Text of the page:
George, 23, was named Most Improved Player of the 2012-13 campaign and believes he has progressed even more this season for the 10-1 Pacers, who forced Miami to a decisive seventh game in last season's Eastern Conference Finals.
The quick, 6-foot-8 (2.03 m) forward averaged 12.1 points after being made a starter in his second year when the Pacers reached the conference semi-finals, and added more than five points a game to that regular season average last season.
So far this season George is averaging 24.4 points, armed with burgeoning confidence after a hard-working offseason spent preparing for his new role.
"I know what player I can be," George told reporters after scoring a game-high 35 points in Indiana's 103-96 comeback win over the New York Knicks at Madison Square Garden on Wednesday.
"I know that I can be at an elite level, be a top player in this league. It's just me believing in myself.
"I am more improved. I got completely better than the player last year. Might be possible to win (most improved) again," he added with a chuckle.
George, a defensive force who also had the duty of covering New York high scorer Carmelo Anthony in the victory, is on a fast-track to stardom in the eyes of Indiana coach Frank Vogel.
"Even as he's become sort of our go-to guy, he's still very new at crunch time moments for us," Vogel said after the Knicks game. "I think he showed another step to be able to make big plays at crunch time in the last minute, two minutes in the game. The guy's got big guts.
"We talked the end of last year about increasing it. He came in and improved, shot over 50 percent in the preseason and seemed to do it effortlessly.
"I said 'Look, we're going to start running all of our stuff through you. You're going to become the guy' He's earning it."
George took the challenge seriously.
The 10th pick of the 2010 NBA Draft out of California State University, Fresno, worked with a ball-handling coach and a shooting coach in strenuous training in Los Angeles.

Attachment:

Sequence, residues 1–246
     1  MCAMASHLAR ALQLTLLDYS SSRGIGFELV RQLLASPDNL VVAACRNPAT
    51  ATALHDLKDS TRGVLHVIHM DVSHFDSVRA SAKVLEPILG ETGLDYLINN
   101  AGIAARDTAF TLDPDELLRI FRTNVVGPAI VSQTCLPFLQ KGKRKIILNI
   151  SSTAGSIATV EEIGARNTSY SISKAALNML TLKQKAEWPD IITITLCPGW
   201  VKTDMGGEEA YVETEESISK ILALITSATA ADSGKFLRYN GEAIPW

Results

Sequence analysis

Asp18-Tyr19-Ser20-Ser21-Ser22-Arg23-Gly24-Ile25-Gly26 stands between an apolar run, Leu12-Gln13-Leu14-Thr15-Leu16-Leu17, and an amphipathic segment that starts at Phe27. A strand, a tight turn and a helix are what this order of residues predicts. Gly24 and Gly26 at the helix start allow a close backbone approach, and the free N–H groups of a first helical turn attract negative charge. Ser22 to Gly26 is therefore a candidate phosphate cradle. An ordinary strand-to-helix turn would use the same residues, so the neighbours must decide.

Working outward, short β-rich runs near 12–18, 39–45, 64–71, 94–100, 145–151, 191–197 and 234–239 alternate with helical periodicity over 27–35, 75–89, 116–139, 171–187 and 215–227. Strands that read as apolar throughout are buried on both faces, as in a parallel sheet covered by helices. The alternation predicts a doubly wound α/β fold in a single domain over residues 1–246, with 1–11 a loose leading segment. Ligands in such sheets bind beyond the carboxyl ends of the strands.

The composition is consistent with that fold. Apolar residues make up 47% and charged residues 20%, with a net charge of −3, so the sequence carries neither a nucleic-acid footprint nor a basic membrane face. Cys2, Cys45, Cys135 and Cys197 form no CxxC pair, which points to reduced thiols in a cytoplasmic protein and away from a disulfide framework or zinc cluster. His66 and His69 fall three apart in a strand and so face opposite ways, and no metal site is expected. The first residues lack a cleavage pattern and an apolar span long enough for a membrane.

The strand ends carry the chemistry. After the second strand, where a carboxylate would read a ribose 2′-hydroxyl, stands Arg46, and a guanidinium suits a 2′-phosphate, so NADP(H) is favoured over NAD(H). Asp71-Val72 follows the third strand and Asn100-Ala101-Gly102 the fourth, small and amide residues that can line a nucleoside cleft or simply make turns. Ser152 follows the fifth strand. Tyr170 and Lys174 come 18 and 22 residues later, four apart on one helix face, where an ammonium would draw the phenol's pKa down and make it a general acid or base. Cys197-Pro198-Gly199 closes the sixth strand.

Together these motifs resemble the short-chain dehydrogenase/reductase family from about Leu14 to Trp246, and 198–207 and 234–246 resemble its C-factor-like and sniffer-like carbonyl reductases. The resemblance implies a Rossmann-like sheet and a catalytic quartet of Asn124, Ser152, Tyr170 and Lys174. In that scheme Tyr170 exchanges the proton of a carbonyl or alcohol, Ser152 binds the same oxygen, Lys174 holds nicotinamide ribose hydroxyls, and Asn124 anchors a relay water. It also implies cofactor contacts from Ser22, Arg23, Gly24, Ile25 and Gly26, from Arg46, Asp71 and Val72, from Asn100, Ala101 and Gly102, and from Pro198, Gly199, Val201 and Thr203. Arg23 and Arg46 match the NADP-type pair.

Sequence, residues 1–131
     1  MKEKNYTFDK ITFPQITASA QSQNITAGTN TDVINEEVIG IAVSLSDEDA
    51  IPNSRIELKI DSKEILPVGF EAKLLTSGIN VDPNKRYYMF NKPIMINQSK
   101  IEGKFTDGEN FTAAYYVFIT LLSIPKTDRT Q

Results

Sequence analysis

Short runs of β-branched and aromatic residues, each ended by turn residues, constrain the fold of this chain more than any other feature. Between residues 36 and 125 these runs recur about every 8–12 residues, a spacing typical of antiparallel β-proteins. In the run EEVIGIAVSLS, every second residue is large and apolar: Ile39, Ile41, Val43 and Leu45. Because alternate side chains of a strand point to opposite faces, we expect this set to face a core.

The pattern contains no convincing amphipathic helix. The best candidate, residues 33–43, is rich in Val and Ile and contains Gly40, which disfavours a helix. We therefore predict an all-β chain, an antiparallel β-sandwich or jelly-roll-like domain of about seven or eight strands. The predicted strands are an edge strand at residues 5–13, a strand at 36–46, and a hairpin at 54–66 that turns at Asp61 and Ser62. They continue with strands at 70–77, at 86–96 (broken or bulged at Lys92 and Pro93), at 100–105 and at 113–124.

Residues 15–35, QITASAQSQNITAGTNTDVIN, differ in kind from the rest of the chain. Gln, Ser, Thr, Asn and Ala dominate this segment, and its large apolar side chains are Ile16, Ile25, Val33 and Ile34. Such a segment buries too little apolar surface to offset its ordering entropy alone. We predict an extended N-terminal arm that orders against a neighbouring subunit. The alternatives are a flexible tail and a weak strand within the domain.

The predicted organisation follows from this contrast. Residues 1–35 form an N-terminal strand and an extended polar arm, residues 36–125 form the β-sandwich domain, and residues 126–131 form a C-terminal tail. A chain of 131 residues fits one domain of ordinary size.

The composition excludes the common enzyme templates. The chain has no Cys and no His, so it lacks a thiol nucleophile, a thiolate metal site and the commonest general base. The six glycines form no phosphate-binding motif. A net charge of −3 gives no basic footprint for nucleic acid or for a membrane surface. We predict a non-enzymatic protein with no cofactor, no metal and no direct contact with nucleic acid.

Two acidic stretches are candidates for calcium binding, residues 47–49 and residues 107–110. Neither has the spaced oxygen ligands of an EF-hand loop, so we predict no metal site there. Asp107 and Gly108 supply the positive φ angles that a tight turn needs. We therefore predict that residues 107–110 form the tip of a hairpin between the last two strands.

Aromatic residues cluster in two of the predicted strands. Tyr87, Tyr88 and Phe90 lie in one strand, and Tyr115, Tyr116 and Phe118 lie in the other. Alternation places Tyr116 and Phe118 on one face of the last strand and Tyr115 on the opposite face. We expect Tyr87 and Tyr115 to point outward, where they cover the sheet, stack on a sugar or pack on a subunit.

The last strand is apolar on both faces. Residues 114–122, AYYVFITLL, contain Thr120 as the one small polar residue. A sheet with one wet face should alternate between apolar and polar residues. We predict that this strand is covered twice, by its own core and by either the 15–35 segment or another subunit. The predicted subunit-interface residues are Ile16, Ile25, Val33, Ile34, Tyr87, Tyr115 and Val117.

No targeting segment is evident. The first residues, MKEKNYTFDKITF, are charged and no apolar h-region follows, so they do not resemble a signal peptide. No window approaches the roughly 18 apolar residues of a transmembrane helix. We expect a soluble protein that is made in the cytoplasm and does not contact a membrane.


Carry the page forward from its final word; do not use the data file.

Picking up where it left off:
"I knew the burden that was coming on my shoulders," said George, who made the All-Star game last season and was named to the NBA All-Defensive second team. "I needed to work on some things and come back a better player.
"Coming off screens, finding spots on floor where I could raise (for jump shots), dribble moves to get to step-backs. Forced driving and then pop up to get defenders on their heels.
"I did a lot of shooting this summer," added George, who is connecting on a career-best .465 percent of his shots.
Vogel said George's pull-up jumper is a weapon.
"He's got the length to get his shot off. It's very difficult to contest it," said the coach.
"His little inside-out moves and the Kobe Bryant moves where he's taking a lateral dribble to create some airspace for himself. Then it comes down to the shotmaking and the repetitions he's getting on those shots. It's given us free looks."
Guard George Hill said George was a special player.
"He's one of the best in the league and I don't say that just because he's my teammate," said Hill. "It's just the way he plays on both ends of the floor. He wants to match up with the best player on the other team."
George opened many eyes during last season's playoffs, showing off his prowess at both ends of the floor and averaging 19.4 points in the conference finals against James and the Heat.
Since then, the Pacers have added depth in forwards Chris Copeland and Argentine veteran Luis Scola and the young, physical Pacers return with another year's experience.
"Miami's the champs, they are the favorites until they're eliminated," said Vogel. "But we're looking to take the next step. We have better offense, got more depth and versatility.
"We have a good shot."
The soft-spoken George believes the Pacers are on their way.
"We've got another year under our belt, another year of advancing far in the playoffs and getting closer and closer to ultimately what our goal is, to win it all." he said.
"The sky's the limit."
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